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Netherlands follows U.S. with semiconductor export restrictions

TechnologyNetherlands follows U.S. with semiconductor export restrictions

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Netherlands Prime Minister Mark Rutte speaks with U.S. President Joe Biden, on June 29, 2022. The U.S. has been putting pressure on the Netherlands to block exports to China of high-tech semiconductor equipment.

Susan Walsh | AFP | Getty Images

The Netherlands on Friday announced new export restrictions on advanced semiconductor equipment amid U.S. pressure to cut China off from key chipmaking tools.

Companies in the Netherlands will need to apply for a license to export certain advanced semiconductor manufacturing equipment overseas, the Dutch government said, under rules that will come into effect on Sept. 1.

The Netherlands is home to ASML, one of the most important semiconductor companies in the world. ASML makes machinery that is required to produce the most advanced chips.

ASML shares were down 1.5% on Friday.

Last October, the U.S. introduced sweeping rules aiming to cut off exports of key chips and semiconductor tools to China, a move analysts said could hobble Beijing’s ambitions to boost its domestic technology. Since then, the U.S. has been ramping up pressure on key chipmaking nations and allies like the Netherlands and Japan, to introduce export restrictions of their own.

Because of ASML’s critical role in advanced chips, Washington has sought to get the Netherlands on side. The Dutch government was on the fence but in March laid out restrictions on the export of advanced semiconductor equipment. Friday’s announcement finalizes those rules and gives more clarity around what can and can’t be exported.

The law does not single out any country nor does it name ASML explicitly.

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The Dutch government said the rules apply to a “number of very specific technologies for the development and manufacture of advanced semiconductors,” that could potentially be used in places like military applications.

“We’ve taken this step on national security grounds. It’s good for the companies that will be impacted to know what they can expect. This will give them the time they need to adapt to the new rules,” Dutch Trade Minister Liesje Schreinemacher said in a statement.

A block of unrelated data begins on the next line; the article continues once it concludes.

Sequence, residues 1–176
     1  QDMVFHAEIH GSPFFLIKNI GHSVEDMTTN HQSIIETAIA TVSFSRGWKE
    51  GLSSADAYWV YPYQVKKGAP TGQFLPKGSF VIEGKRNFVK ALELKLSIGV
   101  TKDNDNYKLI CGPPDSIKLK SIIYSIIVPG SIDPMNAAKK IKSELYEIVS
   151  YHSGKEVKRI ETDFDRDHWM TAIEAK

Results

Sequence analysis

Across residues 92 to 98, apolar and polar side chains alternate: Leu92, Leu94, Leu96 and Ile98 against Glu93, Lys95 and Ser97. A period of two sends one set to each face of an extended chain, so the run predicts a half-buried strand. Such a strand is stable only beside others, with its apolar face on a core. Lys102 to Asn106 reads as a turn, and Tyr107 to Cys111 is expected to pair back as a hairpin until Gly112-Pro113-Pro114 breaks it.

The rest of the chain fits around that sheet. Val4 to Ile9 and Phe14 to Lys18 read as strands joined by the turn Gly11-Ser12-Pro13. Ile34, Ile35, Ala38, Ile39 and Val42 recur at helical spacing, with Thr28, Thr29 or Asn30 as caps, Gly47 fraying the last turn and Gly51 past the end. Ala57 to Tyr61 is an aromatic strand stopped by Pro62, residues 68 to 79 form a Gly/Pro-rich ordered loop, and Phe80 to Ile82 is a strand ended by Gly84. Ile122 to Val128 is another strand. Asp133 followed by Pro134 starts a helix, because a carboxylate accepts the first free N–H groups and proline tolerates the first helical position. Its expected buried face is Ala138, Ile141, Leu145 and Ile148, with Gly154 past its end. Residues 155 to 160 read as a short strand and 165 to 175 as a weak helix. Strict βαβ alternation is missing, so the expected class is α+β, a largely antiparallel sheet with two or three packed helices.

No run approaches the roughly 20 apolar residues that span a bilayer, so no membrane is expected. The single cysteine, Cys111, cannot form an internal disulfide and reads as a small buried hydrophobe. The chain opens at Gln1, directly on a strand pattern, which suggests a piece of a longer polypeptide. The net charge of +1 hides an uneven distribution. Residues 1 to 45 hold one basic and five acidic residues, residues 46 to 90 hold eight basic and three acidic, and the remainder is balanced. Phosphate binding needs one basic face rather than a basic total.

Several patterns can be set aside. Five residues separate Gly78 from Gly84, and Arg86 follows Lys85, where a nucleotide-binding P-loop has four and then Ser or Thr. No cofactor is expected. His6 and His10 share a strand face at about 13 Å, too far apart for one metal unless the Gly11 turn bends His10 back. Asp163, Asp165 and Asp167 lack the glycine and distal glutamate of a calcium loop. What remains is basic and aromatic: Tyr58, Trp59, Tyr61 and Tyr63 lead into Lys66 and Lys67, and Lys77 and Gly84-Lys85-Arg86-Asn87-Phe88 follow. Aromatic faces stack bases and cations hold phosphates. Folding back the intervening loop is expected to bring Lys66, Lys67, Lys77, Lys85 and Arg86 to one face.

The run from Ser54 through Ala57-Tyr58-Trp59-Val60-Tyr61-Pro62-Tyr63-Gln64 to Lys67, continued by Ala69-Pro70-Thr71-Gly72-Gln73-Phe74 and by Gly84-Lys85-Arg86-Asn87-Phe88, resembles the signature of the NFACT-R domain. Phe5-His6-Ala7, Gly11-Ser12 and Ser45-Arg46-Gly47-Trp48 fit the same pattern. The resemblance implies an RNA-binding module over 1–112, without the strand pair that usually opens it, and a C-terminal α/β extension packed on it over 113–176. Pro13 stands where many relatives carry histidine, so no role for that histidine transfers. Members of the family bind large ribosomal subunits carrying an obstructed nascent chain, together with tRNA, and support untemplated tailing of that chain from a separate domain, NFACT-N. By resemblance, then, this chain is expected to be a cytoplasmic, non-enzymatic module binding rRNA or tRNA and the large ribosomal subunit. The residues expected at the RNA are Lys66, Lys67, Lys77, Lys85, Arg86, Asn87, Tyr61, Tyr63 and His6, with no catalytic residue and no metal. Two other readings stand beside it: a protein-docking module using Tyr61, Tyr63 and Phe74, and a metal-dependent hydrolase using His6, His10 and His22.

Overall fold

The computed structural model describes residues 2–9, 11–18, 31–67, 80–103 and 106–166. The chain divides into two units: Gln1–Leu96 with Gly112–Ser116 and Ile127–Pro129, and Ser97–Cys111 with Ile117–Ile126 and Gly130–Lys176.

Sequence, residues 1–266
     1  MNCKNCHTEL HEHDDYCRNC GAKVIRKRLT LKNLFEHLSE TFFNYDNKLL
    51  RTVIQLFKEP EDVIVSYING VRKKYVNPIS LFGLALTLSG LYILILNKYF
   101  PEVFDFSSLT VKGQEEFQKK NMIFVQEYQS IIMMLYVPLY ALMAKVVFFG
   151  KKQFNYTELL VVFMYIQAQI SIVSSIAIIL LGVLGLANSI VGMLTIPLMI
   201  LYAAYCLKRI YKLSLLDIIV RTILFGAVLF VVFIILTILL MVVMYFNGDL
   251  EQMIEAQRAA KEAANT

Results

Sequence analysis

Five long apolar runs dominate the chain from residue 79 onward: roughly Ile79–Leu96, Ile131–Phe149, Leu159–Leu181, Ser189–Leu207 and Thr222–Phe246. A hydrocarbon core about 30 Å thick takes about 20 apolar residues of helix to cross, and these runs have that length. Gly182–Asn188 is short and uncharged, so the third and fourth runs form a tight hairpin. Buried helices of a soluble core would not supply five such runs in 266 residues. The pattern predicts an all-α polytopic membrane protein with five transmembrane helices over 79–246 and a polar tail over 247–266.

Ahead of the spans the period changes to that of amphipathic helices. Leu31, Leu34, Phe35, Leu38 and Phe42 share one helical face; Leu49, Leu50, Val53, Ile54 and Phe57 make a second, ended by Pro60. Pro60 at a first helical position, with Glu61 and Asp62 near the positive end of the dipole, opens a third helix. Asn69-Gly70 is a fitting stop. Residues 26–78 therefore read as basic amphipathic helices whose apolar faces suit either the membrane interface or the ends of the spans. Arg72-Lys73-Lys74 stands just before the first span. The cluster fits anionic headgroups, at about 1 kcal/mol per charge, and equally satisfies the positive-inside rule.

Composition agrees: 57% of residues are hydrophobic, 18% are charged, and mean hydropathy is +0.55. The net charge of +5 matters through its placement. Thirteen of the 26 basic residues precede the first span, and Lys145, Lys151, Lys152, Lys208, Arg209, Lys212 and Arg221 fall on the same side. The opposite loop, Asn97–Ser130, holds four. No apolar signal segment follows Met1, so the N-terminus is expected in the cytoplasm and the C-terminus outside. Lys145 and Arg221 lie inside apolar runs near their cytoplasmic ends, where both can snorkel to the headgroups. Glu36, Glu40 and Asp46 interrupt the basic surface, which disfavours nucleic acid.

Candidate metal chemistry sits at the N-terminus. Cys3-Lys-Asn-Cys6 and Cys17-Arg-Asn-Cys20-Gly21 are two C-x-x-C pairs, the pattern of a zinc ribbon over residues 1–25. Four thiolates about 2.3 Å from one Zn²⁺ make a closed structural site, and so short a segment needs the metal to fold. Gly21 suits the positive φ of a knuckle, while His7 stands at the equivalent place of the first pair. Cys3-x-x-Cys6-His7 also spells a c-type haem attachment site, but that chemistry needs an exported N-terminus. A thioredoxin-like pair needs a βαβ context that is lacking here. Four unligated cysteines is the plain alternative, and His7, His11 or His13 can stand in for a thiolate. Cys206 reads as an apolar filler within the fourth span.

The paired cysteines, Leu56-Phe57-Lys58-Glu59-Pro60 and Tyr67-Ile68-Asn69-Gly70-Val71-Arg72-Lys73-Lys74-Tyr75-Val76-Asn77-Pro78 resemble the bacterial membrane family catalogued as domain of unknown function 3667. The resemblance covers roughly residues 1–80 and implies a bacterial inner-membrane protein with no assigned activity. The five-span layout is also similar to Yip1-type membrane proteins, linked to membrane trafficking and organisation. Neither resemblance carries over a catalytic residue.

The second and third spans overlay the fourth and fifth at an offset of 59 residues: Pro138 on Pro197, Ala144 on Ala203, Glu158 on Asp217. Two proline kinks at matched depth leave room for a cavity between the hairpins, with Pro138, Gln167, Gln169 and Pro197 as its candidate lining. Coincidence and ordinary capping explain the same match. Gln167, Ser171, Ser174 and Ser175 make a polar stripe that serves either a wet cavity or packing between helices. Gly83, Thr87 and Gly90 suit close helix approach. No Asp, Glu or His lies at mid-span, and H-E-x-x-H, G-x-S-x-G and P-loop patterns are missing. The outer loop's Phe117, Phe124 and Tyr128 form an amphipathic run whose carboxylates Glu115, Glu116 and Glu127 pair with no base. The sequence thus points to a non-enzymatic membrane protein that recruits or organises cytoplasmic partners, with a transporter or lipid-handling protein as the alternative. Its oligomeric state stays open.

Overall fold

ASML caught in the middle

ASML’s machines are used by advanced chip manufacturers like Taiwan Semiconductor Manufacturing Co. There are two key tools it makes.

The first is a so-called immersion deep ultraviolet (DUV) lithography machine, which is used to manufacture memory chips. These chips are used in a plethora of devices, from smartphones to laptops and servers, and could ultimately be used for artificial intelligence applications. 

The second is called an extreme ultraviolet (EUV) lithography machine which is used to make more advanced chips.

ASML said it will now need to apply for a license to export its most advanced immersion DUV lithography systems, called the TWINSCAN NXT:2000i and subsequent tools.

The Dutch government has used a different set of rules to restrict exports of ASML’s EUV machines since 2018. EUV exports however will now come under the law that comes into effect in September.

ASML said it can start submitting export licenses before the law comes into effect and the government will grant or deny these applications on a case-by-case basis.

The company added that it does not expect the measures announced on Friday to have a material impact on its 2023 financial outlook.

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China responds

The Chinese Embassy in the Netherlands called the latest law from the Dutch government “an abuse of export control measures and seriously disrupted free trade and international trade rules.”

“We call on the Dutch side to bear in mind the larger interest of safeguarding international trade rules and bilateral economic and trade cooperation, immediately correct its wrongdoings,” the embassy statement said.

The embassy said it is ready to “work with the Dutch side to address the issue based on the principle of mutual benefit, so as to jointly promote the healthy development of Sino-Dutch economic and trade relations.”

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